We all know the goal of the professional cleaning industry is to help protect human health. Well, that goes beyond the types of cleaning chemicals, tools, and equipment we use along with the manner in which we use these products. It also applies to helping prevent injuries from occurring, and the big concern is slip and fall accidents.
Slip and fall accidents can happen any time of year, but they are more prevalent in the winter, especially in the many areas of the country that experience adverse weather. This means that we must take extra steps to help ensure the health and safety of the people using the buildings we clean as they arrive at and enter the facility.
A little advanced preparation now, a month or two before the real cold, snowy, and wet weather of winter approaches, should do the job. This can help minimize if not eliminate the potential for a slip and fall accident to occur. The following are ten ways for you to help safeguard building users as winter approaches and once it is in full swing:
1. Before winter arrives, inspect all outdoor walkways, entry ways, stairways, and high traffic areas; determine which areas will need special attention this winter. For instance, some walkways will need ice melt; others may collect debris which must be removed. Indoor high traffic areas may need mats to help remove moisture from shoe bottoms and keep floors clean and dry.
2. Fill outdoor holes and depressions that may fill up with snow and ice; check to see if walkway cement and brickwork needs repair and have it attended to now.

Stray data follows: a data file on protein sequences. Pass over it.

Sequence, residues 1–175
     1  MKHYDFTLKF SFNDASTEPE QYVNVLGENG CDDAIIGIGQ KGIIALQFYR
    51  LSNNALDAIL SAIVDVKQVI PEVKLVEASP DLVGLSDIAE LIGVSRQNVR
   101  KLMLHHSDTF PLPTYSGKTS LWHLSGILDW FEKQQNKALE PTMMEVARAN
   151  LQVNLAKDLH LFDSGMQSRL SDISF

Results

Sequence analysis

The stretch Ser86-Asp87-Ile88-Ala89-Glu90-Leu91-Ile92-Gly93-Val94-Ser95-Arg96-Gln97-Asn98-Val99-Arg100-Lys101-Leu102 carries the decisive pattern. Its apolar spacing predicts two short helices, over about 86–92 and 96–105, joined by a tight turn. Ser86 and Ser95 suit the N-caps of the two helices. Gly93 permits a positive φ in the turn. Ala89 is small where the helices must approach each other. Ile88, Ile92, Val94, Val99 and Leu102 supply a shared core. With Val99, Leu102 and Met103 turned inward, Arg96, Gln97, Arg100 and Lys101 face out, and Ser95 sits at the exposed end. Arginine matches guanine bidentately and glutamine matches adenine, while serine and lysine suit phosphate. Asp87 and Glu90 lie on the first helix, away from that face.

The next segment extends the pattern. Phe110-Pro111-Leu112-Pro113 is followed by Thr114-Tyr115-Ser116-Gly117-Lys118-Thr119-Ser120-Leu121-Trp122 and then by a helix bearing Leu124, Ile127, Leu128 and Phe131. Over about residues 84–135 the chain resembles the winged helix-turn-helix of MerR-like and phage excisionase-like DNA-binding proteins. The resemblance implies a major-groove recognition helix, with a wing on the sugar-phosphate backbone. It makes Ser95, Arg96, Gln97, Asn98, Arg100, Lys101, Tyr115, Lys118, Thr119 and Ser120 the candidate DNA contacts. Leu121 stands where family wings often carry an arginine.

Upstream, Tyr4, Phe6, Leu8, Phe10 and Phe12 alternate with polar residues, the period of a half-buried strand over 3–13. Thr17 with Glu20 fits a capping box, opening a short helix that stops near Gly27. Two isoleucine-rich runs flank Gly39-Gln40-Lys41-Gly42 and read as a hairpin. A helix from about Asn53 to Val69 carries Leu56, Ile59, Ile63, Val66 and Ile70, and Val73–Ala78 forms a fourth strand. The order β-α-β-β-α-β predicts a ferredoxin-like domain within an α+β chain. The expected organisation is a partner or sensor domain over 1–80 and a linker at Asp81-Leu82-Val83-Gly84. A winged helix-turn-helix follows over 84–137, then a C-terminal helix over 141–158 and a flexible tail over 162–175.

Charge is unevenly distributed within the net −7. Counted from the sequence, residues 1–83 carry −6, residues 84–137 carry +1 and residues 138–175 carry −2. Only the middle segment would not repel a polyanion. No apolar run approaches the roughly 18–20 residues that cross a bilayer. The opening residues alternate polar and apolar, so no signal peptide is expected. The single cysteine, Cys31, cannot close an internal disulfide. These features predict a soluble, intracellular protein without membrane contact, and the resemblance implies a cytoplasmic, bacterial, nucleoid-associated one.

3. Determine what products will be needed for winter and stock up now; for instance, make sure there is plenty of ice melt on hand; inspect mats to see if they are long enough (a total of 15 feet inside and outside the facility), and can effectively handle cold and wet winter weather.
4. If hard surface floors need to be refinished, do it now before the cold winter weather arrives. Winter weather is not only cold, but it can be very dry; both these conditions can negatively impact how well floor finish dries and adheres to the floor.
5. Develop a floor inspection program for your staff; the goal here is to ensure the floors are inspected throughout the day to ensure they are clean and dry.
6. If moisture is detected on floors, install safety signs a few feet before the moist floor area and around the problem area; after cleaning, leave the signs up for about 30 minutes to ensure people take notice of the hazard until the floor is completely dry.
7. Also when moisture is detected on floors, avoid using mops, as a soiled mop can actually make the situation worse and even cause a slip and fall accident. Instead, have an SUV floor cleaning system handy and ready to go; the SUV also comes with supplies such as a broom to collect debris, holders for spray bottles, a wand, and a safety sign. Use all that are needed to clean and dry the floor immediately.
8. Depending on conditions, clean all entry and key floors daily because moisture and soil build-up can damage the floor’s finish. Again, avoid using mops; an AutoVac or SUV system should be used instead; these clean more effectively and are more gentle on floor finish.
9. While it is not a good idea to refinish a floor during the cold of winter, a thin layer of finish can be applied; this will help protect the finish and the floor, and make it easier to keep the floor clean.
10. Finally, keep a record of all floor care tasks; should the unfortunate happen and there is a slip and fall accident, you want to make sure you have a written record of all the steps you have taken to keep floors clean and safe.
Robert Kravitz is a former building service contractor, having owned, operated, and then sold three contract cleaning companies in Northern California.
He is the author of two books about the industry and continues to be a frequent writer for the industry.
Robert is now president of AlturaSolutions Communications, which provides communications and marketing services for organizations in the professional cleaning and building industries.